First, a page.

Background: There is mounting evidence for the presence of postacute sequelae of severe acute respiratory syndrome coronavirus 2 (SARS-CoV-2) infection (PASC), but there is limited information on the spectrum, magnitude, duration, and patterns of these sequelae as well as their influence on quality of life.
Methods: We assembled a cohort of adults with a documented history of SARS-CoV-2 RNA positivity at ≥2 weeks past onset of coronavirus disease 2019 (COVID-19) symptoms or, if asymptomatic, first positive test. At 4-month intervals, we queried physical and mental health symptoms and quality of life.
Results: Of the first 179 participants enrolled, 10 were asymptomatic during the acute phase of SARS-CoV-2 infection, 125 were symptomatic but not hospitalized, and 44 were symptomatic and hospitalized. During the postacute phase, fatigue, shortness of breath, concentration problems, headaches, trouble sleeping, and anosmia/dysgeusia were most common through 8 months of observation. Symptoms were typically at least somewhat bothersome and sometimes exhibited a waxing-and-waning course. Some participants experienced symptoms of depression, anxiety, and post-traumatic stress, as well as difficulties with performance of usual activities. The median visual analogue scale rating of general health was lower at 4 and 8 months compared with pre-COVID-19. Two clusters of symptom domains were identified.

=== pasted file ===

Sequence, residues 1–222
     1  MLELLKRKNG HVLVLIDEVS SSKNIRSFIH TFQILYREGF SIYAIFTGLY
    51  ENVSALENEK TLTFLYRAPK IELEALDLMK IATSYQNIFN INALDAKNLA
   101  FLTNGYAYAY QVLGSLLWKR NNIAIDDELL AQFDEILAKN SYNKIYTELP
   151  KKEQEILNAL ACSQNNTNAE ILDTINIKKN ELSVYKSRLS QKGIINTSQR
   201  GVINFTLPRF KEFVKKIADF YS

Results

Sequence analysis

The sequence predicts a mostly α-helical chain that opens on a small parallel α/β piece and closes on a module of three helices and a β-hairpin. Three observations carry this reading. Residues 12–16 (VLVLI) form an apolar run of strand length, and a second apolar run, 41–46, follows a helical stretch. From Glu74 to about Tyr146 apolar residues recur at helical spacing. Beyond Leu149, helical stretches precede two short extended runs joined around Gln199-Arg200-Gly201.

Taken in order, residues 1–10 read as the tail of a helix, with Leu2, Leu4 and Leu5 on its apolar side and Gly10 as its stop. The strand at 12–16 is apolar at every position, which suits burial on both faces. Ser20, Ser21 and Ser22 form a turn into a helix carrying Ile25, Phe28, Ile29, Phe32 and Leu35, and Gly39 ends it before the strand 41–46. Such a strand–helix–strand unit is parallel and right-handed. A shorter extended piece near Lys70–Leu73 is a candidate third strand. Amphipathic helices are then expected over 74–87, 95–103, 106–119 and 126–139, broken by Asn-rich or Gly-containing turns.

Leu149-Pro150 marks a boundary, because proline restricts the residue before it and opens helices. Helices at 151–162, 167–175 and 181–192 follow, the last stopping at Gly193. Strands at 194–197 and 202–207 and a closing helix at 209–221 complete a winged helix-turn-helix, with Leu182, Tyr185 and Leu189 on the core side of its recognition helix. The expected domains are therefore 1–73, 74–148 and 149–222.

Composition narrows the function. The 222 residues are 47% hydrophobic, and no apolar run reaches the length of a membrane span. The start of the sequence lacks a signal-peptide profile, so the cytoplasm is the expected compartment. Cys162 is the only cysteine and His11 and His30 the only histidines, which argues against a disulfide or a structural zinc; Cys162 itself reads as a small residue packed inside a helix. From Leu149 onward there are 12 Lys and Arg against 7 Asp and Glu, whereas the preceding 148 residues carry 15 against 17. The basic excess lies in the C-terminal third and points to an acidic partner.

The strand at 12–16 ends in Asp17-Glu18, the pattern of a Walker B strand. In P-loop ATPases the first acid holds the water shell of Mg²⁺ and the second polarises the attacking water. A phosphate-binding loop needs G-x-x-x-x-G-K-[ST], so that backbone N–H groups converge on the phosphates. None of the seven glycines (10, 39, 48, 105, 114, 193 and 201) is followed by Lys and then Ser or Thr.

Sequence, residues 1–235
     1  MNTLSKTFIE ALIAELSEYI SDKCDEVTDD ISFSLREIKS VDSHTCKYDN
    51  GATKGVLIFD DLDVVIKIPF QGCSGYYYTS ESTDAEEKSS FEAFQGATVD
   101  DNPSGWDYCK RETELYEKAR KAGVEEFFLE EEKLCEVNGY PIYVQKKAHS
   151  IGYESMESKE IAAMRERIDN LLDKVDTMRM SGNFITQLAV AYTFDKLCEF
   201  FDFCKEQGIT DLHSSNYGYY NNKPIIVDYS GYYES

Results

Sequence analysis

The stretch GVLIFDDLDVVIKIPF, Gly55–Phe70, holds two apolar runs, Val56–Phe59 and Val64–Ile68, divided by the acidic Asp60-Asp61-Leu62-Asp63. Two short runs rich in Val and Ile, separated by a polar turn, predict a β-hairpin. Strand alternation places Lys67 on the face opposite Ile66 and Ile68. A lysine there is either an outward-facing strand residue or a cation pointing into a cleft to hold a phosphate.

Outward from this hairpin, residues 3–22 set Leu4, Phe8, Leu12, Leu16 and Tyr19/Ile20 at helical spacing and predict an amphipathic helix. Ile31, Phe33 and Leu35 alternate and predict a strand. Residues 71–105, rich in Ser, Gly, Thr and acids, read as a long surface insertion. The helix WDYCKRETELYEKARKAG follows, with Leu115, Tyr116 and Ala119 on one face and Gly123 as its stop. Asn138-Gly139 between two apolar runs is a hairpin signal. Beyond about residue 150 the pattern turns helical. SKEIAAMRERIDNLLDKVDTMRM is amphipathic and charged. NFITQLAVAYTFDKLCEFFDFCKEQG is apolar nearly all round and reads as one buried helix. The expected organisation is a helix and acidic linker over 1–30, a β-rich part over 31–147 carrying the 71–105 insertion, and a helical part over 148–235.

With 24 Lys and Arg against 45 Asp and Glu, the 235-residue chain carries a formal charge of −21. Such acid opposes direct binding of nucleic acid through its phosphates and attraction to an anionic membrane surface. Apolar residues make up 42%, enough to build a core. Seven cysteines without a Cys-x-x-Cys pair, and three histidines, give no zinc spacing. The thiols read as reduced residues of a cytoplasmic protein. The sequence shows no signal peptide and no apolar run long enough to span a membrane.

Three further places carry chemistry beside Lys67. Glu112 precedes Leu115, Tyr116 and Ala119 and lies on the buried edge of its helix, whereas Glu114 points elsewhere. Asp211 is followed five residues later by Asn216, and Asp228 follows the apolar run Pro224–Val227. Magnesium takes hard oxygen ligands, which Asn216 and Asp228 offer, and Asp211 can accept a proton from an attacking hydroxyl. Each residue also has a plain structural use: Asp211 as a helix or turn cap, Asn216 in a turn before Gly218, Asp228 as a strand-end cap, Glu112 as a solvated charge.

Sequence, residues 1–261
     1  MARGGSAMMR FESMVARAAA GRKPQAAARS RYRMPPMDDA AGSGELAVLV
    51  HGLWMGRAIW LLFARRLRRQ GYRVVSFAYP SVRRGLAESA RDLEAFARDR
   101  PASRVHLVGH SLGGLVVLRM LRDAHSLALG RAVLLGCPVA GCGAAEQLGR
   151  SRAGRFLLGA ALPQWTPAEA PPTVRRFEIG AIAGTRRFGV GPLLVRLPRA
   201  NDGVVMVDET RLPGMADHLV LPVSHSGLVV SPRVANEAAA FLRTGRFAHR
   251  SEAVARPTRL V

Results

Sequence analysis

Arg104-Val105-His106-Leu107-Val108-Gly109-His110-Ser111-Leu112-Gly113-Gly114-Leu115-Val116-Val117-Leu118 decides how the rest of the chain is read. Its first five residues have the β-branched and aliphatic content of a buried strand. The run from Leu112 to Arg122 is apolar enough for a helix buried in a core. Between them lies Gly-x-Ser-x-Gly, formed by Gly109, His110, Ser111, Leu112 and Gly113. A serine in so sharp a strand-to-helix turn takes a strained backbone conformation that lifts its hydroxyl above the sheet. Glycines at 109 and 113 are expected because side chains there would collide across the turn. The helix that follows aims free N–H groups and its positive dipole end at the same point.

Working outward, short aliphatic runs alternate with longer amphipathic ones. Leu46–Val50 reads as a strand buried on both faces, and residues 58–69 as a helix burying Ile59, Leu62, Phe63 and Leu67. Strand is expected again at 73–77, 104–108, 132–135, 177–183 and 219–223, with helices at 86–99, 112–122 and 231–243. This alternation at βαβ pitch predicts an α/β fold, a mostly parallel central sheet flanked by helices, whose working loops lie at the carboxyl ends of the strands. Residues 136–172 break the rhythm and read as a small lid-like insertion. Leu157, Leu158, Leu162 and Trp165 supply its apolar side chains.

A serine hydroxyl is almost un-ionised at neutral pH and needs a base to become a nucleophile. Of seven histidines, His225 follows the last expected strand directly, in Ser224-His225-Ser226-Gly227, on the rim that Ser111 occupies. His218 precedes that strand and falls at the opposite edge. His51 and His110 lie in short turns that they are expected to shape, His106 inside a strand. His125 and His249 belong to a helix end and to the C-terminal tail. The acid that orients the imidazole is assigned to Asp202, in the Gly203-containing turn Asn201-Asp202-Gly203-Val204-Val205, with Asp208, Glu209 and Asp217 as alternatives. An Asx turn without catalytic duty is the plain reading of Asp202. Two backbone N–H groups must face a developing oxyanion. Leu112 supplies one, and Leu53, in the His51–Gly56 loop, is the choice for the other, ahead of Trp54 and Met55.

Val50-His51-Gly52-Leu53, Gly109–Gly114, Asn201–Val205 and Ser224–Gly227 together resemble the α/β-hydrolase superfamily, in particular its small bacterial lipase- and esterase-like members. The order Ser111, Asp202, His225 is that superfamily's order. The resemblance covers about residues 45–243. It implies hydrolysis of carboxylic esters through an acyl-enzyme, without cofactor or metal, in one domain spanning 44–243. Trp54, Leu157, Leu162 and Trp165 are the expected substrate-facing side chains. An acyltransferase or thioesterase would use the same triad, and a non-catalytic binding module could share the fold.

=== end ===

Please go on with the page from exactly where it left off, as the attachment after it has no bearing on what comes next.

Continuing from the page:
Conclusions: Many participants report bothersome symptoms following onset of COVID-19 with variable patterns of persistence and impact on quality of life. The substantial variability suggests the existence of multiple subphenotypes of PASC. A rigorous approach to the prospective measurement of symptoms and functional manifestations sets the stage for the next phase of research focusing on the pathophysiologic causes of the various subgroups of PASC.
Keywords: COVID-19; SARS-CoV-2; long COVID; post-acute sequelae of SARS-CoV-2 (PASC); quality of life.
© The Author(s) 2021. Published by Oxford University Press on behalf of Infectious Diseases Society of America.